• Gather your ingredients: pork lard or shortening, precooked corn flour, chicken broth, cooked bacon, whole garlic, salt, pepper.
  • Always start making masa with the liquids, says Liliana. Pour the broth (reserved from Day 1, when boiling the poultry) into your largest mixing bowl.
  • Add the bacon-garlic-annatto oil mix to the broth. Stir. Add the salt and the precooked corn flour. Mix them together, well.
  • Fold in the cooked bacon into the masa, working it into the dough with your hands until it is fully incorporated. This will give your masa delicious, rich flavor, says Liliana.
  • Set the masa bowl aside, covered with a damp kitchen towel or plastic wrap, for at least 10 minutes.
  • DAY 2 — Make Your Annatto Oil to Brush on the Banana Leaves
  • Mix 1 cup of vegetable or olive oil with the annatto seeds you used the day before. Let them steep in a small bowl or glass jar for 5 minutes. When ready, discard the seeds.
  • DAY 2 — Time to Build Your Hallacas
  • Prepare your hallaca-building workspace. Lay out a series of 9 bowls or cups, each dedicated to one of the ingredients you’ll use to build each individual hallaca. These are: a) the masa, b) beef, pork and chicken guiso filling, c) onion thin rounds, d) red pepper thin slices, e) olives, f) raisins, g) capers, h) smoked turkey bacon strips, and i) the annatto oil you just made.
  • To make each hallaca, lay out a medium banana leaf on your flat work surface. Identify the brighter green side that has the more prominent leaf veins. This is the inside of your plantain “plate.” Brush it with about ½ tsp of the annatto oil.
  • Add about 3 Tbsp of masa (Liliana uses an ice cream scooper) to the center of the leaf. Brush the top of the masa with a small amount of annatto oil. Press the dough into a flat and thin circle about 5 inches wide, with your choice of one of the following, wrapped in plastic: a frying pan, dinner plate, cutting board, or large tortilla press.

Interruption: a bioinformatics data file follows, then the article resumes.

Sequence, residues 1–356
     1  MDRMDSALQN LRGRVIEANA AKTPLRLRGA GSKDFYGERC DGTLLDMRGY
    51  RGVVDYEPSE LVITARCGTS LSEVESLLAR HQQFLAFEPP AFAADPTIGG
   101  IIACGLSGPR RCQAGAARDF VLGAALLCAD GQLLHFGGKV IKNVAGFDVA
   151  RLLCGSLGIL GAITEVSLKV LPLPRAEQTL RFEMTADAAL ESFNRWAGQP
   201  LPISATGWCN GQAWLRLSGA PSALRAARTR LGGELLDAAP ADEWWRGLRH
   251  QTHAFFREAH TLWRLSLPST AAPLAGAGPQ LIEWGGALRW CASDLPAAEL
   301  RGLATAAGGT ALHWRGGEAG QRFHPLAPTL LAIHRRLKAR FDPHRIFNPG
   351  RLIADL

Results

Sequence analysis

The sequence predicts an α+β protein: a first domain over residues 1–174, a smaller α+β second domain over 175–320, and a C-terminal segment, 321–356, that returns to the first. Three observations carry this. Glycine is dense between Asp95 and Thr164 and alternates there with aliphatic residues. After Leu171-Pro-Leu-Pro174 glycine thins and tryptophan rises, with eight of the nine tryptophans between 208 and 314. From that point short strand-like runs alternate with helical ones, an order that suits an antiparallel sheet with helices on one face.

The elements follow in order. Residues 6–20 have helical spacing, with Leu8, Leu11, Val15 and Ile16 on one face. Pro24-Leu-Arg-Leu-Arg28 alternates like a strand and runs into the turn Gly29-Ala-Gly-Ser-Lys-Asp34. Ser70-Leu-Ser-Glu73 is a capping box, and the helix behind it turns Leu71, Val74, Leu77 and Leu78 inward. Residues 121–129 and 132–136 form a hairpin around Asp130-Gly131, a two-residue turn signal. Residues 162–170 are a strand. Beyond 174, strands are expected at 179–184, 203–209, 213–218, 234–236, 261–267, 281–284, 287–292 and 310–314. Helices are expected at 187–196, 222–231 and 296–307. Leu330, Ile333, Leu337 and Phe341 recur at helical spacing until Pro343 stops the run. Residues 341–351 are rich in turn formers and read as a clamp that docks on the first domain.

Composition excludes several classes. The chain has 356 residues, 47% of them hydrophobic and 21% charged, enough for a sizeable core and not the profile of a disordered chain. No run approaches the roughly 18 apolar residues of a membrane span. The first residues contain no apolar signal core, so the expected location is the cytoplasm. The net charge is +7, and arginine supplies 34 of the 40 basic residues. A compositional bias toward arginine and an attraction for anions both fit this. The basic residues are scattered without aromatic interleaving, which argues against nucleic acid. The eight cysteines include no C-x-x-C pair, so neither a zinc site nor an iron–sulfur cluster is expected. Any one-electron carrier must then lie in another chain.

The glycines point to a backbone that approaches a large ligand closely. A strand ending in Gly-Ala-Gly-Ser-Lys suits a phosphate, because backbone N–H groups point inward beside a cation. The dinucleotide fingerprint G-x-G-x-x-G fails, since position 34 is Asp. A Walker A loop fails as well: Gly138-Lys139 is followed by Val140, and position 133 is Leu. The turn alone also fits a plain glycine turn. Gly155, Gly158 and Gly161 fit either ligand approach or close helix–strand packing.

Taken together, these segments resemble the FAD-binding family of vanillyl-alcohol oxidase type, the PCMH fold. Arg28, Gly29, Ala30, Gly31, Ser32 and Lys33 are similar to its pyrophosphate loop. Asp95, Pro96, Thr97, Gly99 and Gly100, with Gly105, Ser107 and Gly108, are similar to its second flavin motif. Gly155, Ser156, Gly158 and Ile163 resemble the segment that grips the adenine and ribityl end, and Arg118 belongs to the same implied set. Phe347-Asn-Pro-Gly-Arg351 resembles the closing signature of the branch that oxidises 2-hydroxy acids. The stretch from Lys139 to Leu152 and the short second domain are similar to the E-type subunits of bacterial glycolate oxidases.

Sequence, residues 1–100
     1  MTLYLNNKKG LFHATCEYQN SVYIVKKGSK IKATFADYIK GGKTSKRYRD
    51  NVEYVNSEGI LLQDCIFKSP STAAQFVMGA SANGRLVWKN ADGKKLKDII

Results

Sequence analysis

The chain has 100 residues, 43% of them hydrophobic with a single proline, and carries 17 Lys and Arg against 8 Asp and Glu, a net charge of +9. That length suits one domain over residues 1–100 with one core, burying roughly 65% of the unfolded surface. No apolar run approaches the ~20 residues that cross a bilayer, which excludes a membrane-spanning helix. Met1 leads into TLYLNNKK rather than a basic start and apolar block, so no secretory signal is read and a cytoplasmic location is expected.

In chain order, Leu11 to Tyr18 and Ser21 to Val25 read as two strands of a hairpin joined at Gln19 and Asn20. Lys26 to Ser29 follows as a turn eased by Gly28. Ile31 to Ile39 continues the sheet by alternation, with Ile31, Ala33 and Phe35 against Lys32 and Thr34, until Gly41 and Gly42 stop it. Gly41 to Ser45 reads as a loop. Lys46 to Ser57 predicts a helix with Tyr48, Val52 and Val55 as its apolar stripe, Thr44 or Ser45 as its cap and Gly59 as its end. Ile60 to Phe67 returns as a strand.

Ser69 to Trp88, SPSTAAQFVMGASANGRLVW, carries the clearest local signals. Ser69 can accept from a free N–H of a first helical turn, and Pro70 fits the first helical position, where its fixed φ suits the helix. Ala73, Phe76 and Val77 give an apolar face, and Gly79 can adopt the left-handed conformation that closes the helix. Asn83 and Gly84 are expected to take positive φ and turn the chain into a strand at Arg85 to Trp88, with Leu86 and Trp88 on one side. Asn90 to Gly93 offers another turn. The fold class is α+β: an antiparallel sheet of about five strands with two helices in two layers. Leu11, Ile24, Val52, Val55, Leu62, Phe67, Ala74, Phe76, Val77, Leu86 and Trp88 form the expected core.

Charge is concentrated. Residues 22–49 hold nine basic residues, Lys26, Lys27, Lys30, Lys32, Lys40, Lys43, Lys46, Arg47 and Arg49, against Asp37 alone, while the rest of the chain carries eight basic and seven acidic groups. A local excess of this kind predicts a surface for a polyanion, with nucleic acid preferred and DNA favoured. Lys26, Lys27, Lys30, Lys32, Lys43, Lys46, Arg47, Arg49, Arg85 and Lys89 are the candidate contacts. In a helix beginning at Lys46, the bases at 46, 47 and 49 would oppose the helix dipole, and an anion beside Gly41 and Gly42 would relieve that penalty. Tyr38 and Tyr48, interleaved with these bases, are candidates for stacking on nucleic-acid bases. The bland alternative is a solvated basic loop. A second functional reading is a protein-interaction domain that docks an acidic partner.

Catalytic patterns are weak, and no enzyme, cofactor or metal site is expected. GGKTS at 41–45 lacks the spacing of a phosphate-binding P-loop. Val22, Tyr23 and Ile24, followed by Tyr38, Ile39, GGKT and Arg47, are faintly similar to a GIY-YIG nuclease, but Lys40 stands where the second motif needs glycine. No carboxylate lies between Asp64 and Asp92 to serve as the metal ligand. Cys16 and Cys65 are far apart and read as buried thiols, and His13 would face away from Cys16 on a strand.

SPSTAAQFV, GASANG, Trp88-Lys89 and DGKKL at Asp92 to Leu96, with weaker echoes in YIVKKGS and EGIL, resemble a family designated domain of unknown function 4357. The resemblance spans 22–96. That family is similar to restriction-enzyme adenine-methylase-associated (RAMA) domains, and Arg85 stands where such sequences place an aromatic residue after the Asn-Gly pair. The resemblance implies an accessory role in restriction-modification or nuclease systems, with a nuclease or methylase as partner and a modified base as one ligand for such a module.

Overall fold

• Lay a medium leaf with the masa on top of a large leaf. Identify which way the veins run on the large leaf. Lay the medium leaf on top of it so that its veins run perpendicular to the large one’s pattern. (This will make your double-leaf wrapped hallacas stronger when you steam them.)
  • Add about 1/2 cup of the guiso or stew filling on top of the masa circle on the medium leaf. Smooth the filling with the back of your spoon so that it is flat—ready for the garnishes!
  • DAY 2 — Garnish Your Masa Filling
  • Layer the following garnishes, in this order, on top of the masa and guiso stew: 2 onion rings, 2 to 3 red bell pepper thin strips, 2 olives, ½ tsp capers, 6 raisins, ½ tsp giardiniera, and—last—the 2 to 3 small strips of turkey bacon.
  • DAY 2 — Fold Your Hallacas
  • Pick up the two top edges of your large banana leaf, which lies below the medium banana leaf.
  • Fold the large leaf carefully in half (as if you are closing a precious book with two hands), so that the tops of the masa circle’s halves come together edge to edge and the tops of the large banana leaf edges also match up.